Mosaics from the Underpass to Banya Starinna

Artist: Ioan Leviev

Date: 1970s

Dimensions: 4.78 x 2.36 m; 2.92 x 2.36 m and 4 x (3.50 x 2.36 m)

The six mosaic panels are located in the underpass beneath “Tsar Boris III Obedinitel” Blvd. and “6 Septemvri” St. in close proximity to Banya Starinna (Chifte hammam 15th c.). The height of the passage determined the panels’ height and their various widths. Four of the panels are identical in size and placed next to each other while the fifth one is larger and takes up an entire wall; the sixth panel is the largest and is located in the eastern passage leading to Nebet tepe.

All of the panels note Plovdiv’s various names from different time periods – Pulpudeva, Trimontium and Puldin (the first four panels), Philippopolis and Plovdiv (the fifth panel), and Filibe and Puldin (the sixth panel). The two largest panels depict figural compositions that represent the artist’s vision of the historical personifications of the city while the four smaller ones consist of rectangular blocks of color placed in two horizontal lines. The male head portrayed in the fifth panel is divided in halaf. One half of the head is ancient; it wears a laurel wreath and stands next to the ancient name of the city – Philippopolis. The other half of the head is contemporary and has hair waving like victory flags as well as the current name of the city Plovdiv noted next to it. Both halves of the head wear a symbolic crown made of the seven hills (tepeta) for which the city is known. The largest panel (the sixth one) depicts two male figures: medieval Puldin and Ottoman Filibe. They stand on either side of a fountain with a sun above it. A bird that faces the fountain is perched on the shoulders of both figures.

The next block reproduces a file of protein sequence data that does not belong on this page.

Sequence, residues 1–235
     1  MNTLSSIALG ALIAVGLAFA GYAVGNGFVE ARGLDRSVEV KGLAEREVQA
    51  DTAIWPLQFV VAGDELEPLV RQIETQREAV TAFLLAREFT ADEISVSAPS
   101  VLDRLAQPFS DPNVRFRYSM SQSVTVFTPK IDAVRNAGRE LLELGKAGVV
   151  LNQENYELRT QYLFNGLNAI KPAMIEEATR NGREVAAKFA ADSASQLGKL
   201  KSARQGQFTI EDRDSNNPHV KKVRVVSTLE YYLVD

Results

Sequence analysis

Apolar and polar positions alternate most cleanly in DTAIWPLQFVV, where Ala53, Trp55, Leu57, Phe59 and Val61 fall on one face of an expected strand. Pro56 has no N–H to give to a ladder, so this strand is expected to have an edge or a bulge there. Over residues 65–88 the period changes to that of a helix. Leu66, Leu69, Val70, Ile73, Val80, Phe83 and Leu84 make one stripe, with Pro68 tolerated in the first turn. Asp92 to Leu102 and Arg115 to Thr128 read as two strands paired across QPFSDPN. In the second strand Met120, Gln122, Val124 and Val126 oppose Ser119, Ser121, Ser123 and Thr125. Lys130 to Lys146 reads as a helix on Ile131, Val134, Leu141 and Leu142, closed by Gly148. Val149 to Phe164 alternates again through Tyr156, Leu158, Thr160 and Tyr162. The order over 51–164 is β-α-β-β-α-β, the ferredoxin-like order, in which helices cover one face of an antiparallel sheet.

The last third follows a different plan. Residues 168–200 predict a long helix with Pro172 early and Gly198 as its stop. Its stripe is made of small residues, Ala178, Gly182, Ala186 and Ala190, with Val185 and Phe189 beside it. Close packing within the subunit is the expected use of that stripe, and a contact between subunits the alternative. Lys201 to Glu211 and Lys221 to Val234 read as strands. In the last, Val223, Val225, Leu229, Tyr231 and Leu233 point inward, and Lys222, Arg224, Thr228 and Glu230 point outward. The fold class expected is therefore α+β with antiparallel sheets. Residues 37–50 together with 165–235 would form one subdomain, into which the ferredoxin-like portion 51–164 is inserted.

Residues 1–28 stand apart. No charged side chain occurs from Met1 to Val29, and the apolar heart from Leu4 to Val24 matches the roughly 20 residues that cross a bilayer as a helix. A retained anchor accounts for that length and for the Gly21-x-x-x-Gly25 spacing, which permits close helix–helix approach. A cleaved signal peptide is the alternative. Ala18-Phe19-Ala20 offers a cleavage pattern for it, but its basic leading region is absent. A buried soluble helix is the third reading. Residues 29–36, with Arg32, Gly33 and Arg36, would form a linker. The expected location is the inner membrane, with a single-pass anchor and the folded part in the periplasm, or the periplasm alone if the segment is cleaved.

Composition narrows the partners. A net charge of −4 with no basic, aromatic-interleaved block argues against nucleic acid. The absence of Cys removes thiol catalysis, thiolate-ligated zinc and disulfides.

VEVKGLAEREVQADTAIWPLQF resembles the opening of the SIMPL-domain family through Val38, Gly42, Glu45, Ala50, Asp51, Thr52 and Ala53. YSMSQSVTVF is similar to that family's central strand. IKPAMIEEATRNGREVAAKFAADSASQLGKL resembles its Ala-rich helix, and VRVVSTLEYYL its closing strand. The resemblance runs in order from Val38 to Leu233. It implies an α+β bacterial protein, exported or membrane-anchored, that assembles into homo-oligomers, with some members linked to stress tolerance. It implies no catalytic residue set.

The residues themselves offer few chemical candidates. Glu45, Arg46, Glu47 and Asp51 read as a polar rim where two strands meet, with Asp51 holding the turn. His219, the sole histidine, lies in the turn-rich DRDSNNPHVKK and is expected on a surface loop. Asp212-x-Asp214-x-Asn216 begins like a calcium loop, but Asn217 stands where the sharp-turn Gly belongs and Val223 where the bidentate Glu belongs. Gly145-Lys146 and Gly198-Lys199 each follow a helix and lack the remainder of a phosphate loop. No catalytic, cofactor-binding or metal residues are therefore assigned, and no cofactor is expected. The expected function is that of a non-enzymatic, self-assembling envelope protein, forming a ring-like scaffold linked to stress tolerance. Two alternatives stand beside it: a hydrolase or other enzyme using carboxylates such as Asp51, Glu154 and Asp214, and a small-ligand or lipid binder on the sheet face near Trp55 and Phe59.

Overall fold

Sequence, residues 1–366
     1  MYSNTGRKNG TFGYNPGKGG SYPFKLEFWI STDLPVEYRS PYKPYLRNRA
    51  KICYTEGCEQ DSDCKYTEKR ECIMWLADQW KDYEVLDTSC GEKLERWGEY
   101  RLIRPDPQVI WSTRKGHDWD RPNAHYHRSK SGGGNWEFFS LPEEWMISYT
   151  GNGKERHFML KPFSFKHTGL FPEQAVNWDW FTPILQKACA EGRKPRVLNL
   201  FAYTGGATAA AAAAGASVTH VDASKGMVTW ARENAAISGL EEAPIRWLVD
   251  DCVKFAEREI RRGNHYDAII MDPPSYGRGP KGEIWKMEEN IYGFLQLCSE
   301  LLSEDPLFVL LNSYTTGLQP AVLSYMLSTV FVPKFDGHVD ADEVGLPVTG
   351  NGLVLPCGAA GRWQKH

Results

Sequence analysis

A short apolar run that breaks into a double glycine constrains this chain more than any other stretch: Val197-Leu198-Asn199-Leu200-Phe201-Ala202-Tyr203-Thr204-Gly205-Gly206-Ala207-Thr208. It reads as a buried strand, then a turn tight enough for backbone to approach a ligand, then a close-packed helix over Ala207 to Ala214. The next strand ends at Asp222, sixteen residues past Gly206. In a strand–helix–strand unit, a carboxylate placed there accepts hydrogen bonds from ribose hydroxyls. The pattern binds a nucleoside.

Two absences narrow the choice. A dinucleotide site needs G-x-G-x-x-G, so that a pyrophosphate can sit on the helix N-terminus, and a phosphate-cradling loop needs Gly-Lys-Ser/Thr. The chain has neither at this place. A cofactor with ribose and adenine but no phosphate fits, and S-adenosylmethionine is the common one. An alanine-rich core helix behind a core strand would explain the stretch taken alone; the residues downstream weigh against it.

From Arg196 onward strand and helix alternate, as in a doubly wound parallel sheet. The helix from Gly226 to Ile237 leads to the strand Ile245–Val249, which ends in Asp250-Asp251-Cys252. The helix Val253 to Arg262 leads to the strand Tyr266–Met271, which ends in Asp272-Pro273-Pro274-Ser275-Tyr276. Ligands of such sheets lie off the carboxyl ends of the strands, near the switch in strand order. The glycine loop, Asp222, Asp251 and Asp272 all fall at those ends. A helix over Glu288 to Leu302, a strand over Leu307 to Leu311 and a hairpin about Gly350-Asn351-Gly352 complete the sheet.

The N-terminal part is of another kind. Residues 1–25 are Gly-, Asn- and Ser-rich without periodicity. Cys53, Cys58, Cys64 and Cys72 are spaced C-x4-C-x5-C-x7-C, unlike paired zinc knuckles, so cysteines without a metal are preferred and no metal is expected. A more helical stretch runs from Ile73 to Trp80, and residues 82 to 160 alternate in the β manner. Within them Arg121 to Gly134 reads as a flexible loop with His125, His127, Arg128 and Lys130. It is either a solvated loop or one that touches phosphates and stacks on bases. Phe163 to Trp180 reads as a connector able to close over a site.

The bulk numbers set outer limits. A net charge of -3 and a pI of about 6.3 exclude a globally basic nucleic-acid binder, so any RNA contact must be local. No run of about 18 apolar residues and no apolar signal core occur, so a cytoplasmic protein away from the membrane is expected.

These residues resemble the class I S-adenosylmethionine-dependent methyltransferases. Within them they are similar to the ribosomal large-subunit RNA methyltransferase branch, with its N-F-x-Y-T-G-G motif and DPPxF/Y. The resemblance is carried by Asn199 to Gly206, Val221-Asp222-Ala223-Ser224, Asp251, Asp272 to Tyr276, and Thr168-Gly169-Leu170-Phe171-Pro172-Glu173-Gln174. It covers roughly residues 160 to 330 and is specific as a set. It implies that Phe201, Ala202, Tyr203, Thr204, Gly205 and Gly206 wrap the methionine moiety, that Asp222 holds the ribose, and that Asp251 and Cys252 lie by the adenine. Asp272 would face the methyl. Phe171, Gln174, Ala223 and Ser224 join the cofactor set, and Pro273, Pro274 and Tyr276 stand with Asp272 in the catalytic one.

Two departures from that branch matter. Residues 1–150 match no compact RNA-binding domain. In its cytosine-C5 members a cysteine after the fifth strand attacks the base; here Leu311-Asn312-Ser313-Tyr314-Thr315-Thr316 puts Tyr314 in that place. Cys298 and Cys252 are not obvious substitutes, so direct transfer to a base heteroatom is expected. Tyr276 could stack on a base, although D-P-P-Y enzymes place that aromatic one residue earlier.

The technique used is opus tessellatum. The tesserae are from natural stone in six colors: red, beige, black, dark gray, light gray, and white. The mosaic is made with a cement binding that can be seen in the gaps and where pieces are missing. Most of the tesserae are hand-hewn with irregular shapes and vary in size between 2 and 8 cm; some tesserae are even larger.

According to eyewitness accounts, contractors made the mosaic in situ.

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